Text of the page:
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I have been trying to implement an algorithm in C# for a gaussian blur that takes care of transparency. I tried the following two implementations, and each seems to give me different type of results. But neither takes into account the alpha channel.

http://code.google.com/p/imagelibrary/downloads/detail?name=ImageLibrary-source-1_2_4.zip&can=2&q= http://www.smokycogs.com/blog/image-processing-in-c-sharp-smoothing-using-convolution/

My test image has a simple circle on a transparent background PNG.

Could somebody point me in the right direction to get the gaussian blur to work with images that have transparency ? The only link i could find was a box blur. http://www.codeproject.com/Articles/6162/Gausian-and-Alpha-Blurring

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2 Answers 2

If you are using premultiplied alpha transparency, you can blur the alpha channel just like the RGB channels.

If your alpha is not premultiplied, you can get weird fringing artifacts. To avoid that, you can try converting your image to premultiplied, filtering it, then converting it back. There are pitfalls in this process, but the result will likely be better than naively smoothing a unmultiplied alpha image.

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I am still trying to figure out how this will fit. The test image and effect i am looking for is exactly similar to the one from the codeproject box blur link. The premultiplication doesnt seem to have an effect for this case where the image is composed of either fully transparent pixels or fully opaque ones. Am not sure what i am missing here... –  user3526 Apr 21 '12 at 3:42
    
There is no guarantee of a problem -- it depends on what RGB color you have under the transparent regions. If it is the same as the color outside the region, it should be fine. But, if somebody substitutes a different image for which this is not the case, they might be surprised and annoyed at the results... –  comingstorm Apr 23 '12 at 16:12

You must multiply each RGB value with the alpha value and afterwards divide the result with the maximum possible alpha.

Let's say you want to average just three pixels:

newBlue = (
  src[-1].Blue * src[-1].Alpha + 
  src[0].Blue * src[0].Alpha + 
  src[1].Blue * src[1].Alpha ) / (255*3);

As you can see: if all three pixels are solid (alpha=255) then this calculation won't cange anything compared to ignoring the alpha channel (which is indeed what we want).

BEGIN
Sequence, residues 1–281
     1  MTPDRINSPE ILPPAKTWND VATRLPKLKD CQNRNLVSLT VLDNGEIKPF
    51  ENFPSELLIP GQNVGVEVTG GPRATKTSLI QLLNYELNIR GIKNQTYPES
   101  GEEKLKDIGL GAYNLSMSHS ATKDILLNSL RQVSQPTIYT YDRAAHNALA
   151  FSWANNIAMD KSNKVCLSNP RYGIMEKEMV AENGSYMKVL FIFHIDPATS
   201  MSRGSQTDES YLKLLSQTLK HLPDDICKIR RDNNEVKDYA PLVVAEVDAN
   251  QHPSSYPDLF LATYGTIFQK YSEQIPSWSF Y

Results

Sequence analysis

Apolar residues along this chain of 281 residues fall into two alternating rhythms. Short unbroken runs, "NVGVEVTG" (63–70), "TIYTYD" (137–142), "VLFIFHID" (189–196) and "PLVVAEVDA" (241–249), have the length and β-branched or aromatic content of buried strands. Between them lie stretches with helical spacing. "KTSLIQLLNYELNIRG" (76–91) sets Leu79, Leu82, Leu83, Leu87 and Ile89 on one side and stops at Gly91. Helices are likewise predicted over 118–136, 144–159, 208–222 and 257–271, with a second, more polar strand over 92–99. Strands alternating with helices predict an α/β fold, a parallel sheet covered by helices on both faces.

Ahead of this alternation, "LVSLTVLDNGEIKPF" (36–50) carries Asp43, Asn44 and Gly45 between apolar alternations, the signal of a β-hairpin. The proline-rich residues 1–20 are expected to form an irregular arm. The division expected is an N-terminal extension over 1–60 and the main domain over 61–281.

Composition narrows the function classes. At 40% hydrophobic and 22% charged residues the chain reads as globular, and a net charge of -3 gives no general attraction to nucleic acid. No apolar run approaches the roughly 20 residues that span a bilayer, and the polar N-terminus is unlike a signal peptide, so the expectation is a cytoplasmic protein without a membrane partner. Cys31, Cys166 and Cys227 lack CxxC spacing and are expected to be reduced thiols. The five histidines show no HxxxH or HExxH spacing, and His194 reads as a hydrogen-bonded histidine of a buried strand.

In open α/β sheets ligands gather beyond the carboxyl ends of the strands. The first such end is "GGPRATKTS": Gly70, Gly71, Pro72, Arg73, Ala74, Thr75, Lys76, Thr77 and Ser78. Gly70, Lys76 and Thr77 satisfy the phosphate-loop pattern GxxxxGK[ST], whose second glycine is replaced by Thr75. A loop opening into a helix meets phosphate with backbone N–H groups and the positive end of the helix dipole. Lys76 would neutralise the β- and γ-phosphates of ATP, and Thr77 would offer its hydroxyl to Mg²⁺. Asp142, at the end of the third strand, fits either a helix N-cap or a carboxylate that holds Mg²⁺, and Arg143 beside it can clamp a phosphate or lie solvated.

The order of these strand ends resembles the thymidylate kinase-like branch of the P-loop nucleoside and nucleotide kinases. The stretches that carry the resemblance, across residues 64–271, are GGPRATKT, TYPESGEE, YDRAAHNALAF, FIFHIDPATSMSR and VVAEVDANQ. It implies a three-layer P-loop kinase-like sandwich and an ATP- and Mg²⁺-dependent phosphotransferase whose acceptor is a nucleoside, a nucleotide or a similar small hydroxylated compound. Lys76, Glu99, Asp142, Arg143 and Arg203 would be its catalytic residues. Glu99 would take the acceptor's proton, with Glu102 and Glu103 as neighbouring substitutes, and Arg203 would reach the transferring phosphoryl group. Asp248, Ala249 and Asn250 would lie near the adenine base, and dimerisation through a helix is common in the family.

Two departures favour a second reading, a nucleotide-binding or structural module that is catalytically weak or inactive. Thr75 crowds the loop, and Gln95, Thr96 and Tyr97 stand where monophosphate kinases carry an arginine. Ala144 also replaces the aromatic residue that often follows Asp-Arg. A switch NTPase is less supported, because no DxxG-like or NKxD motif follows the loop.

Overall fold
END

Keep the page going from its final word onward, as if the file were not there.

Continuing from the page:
Here is a 3x3 convolution without alpha:

            for (var i = nWidth - 2; i > 0; i--)
            {
                n = ((((pT[-sourcePixelSize]*m.TL) + (pT[0]*m.TM) + (pT[sourcePixelSize]*m.TR) +
                       (pM[-sourcePixelSize]*m.ML) + (pM[0]*m.MM) + (pM[sourcePixelSize]*m.MR) +
                       (pB[-sourcePixelSize]*m.BL) + (pB[0]*m.BM) + (pB[sourcePixelSize]*m.BR) + 5)/m.Factor) + m.Offset);
                *pD = (byte) (n <= 0 ? 0 : n >= 255 ? 255 : n);
                pT += sourcePixelSize;
                pM += sourcePixelSize;
                pB += sourcePixelSize;
                pD += 4;
            }

Here is the eqvivalent with alpha:

            for (var i = nWidth - 2; i > 0; i--)
            {
                alphaSum = (pT[-4 + ao] + pT[ao] + pT[4 + ao] +
                            pM[-4 + ao] + pM[ao] + pM[4 + ao] +
                            pB[-4 + ao] + pB[ao] + pB[4 + ao] + 5)/9;
                n = alphaSum != 0
                        ? ((((pT[-4]*pT[-4 + ao]*m.TL) + (pT[0]*pT[ao]*m.TM) + (pT[4]*pT[4 + ao]*m.TR) +
                             (pM[-4]*pM[-4 + ao]*m.ML) + (pM[0]*pM[ao]*m.MM) + (pM[4]*pM[4 + ao]*m.MR) +
                             (pB[-4]*pB[-4 + ao]*m.BL) + (pB[0]*pB[ao]*m.BM) + (pB[4]*pB[4 + ao]*m.BR) + 5)/
                            (m.Factor*alphaSum)) + m.Offset)
                        : 0;
                *pD = (byte) (n <= 0 ? 0 : n >= 255 ? 255 : n);
                pT += 4;
                pM += 4;
                pB += 4;
                pD += 4;
             }
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Please excuse me, but I am not able to follow the variables used in the code snippet. Could you help by explaining those? Is the constant 4 used for incrementing 4 bytes? –  user3526 Apr 24 '12 at 16:10
    
One pixel of ARGB is 4 bytes. The "ao" variable is "alpha offset" which has a different value when each of the R/G/B channels is beeing processed (three passes is being made for each pixel). –  Dan Byström Apr 24 '12 at 18:17

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